during an interview. But before the interview occurs—during your initial
telephone call or email exchange—you also have an opportunity to
interview the interviewer.
Many journalists are willing to share the basics about the stories
they’re working on, and any insight they offer will help you better
Below are eight questions you might consider asking reporters. I
typically don’t ask all of these for every interview; journalists don’t
appreciate being grilled. They’ll probably offer some of this
information on their own anyway, so just fill in any gaps by asking the
most relevant of these questions:
1. Who are you? No, you shouldn’t ask that question verbatim, but
collect the basics—their name, the name of the news organization for
which they work, and whether they cover a particular topic.
2. Can you tell me about the story you’re working on? Keep this
question open-ended and remain quiet while the reporter speaks (the more
they say, the more you’ll learn). Feel free to ask follow-up questions
and to clarify any points you don’t fully understand.
3. Are you approaching this story from any particular perspective?
Some reporters will bristle if you ask, “What’s your angle?” This
question aims to elicit the same information in a more subtle manner.
4. Who else are you interviewing? Reporters often play it close to
the vest on this one, but it’s worth asking. You’ll be able to get a
sense of the story’s tone by learning whether the other sources in the
story are friendly or antagonistic toward your cause.
5. What’s the format? For print interviews, this question will
help you determine whether reporters just need a quick quote from you or
whether they’re writing an in-depth piece that will focus extensively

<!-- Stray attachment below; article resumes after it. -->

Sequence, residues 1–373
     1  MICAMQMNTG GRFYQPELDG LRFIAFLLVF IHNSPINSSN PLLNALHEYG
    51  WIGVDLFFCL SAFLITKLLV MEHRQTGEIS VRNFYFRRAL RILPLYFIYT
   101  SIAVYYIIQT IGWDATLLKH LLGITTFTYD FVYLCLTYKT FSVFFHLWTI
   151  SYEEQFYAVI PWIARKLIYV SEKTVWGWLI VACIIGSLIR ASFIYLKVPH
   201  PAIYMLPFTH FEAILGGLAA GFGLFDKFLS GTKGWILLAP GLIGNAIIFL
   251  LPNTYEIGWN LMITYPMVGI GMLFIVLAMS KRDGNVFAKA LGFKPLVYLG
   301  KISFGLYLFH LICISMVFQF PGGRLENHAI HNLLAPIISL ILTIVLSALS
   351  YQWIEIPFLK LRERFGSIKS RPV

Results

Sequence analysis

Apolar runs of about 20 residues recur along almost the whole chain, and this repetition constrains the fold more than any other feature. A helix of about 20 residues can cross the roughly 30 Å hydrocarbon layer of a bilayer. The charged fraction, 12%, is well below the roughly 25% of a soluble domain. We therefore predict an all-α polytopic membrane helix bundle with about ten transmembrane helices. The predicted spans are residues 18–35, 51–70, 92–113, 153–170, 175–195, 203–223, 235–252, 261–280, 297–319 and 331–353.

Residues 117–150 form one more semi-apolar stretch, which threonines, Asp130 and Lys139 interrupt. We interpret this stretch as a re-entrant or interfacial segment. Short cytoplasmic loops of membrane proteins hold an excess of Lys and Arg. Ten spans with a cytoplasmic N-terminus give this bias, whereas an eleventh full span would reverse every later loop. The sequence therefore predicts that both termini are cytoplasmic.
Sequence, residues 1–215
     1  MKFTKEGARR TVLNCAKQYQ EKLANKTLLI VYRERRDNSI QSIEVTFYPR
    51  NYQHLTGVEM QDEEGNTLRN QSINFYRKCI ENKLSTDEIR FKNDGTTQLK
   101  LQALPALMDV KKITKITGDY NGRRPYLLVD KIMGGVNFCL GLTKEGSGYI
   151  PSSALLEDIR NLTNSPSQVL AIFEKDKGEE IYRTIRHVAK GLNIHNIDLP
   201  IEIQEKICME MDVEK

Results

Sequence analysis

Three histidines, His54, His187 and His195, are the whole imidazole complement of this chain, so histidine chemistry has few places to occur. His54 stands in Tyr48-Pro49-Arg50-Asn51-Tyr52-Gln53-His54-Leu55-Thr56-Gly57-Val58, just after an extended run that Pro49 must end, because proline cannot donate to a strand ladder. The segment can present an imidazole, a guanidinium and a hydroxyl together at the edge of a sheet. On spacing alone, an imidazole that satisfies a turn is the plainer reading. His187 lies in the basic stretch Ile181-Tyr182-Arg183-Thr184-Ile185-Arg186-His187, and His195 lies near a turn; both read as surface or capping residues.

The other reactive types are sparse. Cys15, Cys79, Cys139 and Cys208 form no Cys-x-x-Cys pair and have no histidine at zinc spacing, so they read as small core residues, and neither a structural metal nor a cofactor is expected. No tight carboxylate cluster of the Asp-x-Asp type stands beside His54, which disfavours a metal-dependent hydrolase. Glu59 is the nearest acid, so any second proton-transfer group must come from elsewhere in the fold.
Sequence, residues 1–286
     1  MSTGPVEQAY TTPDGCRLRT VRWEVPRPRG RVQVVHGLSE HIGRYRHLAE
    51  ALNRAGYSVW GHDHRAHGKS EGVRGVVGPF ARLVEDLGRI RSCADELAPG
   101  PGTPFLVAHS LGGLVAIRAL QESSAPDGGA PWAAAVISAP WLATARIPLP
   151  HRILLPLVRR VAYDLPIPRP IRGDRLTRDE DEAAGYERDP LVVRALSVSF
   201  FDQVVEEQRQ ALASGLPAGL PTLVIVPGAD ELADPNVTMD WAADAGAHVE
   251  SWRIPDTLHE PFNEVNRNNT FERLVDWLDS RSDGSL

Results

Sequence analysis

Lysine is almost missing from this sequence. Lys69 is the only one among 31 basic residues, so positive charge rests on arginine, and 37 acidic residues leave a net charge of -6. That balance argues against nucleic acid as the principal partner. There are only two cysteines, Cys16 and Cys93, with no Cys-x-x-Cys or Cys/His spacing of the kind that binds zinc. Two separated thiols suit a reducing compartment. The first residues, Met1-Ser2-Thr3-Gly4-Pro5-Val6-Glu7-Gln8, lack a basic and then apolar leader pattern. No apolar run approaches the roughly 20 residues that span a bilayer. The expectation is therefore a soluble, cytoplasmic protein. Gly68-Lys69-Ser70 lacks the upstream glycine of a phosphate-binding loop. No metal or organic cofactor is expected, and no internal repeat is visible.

on your work. For broadcast interviews, you’ll be able to learn whether
the interview will be live, live-to-tape, or edited. For television, you
might also ask if the format will be a remote, on-set, or sound-bites
6. What do you need from me? Ask the reporter how much time the
interview will last and where the reporter wants to conduct the
interview. Also, ask if you can provide any press releases, graphics,
photos, videos, or other supplementary documents. You can often expand
your presence in a news story—and influence the narrative—if the
reporter chooses to use your supporting materials.
7. Who will be doing the interview? For many radio and television
interviews, you will be contacted initially by an off-air producer
rather than by an on-air personality. Ask for the name of the person
conducting the interview.
8. When are you publishing or airing the story? Review the story
as soon as it comes out. If it’s a positive story, share it with your
online and offline networks. If it’s a negative story, consider issuing a
response or contacting the reporter or editor to discuss the coverage.
One final note: Before an interview, tell reporters how you
prefer to be identified. Include your title and company name, and spell
your full name. You don’t want to see your name or your company’s name
mangled in front of millions of viewers.
Brad Phillips is the author of “The Media Training Bible: 101 Things You Absolutely, Positively Need to Know Before Your Next Interview.” He blogs at Mr. Media Training, where a version of this story first appeared.
Popularity: This record has been viewed 1141 times.
Ragan.com moderates comments and reserves the right to remove posts that are abusive or otherwise inappropriate.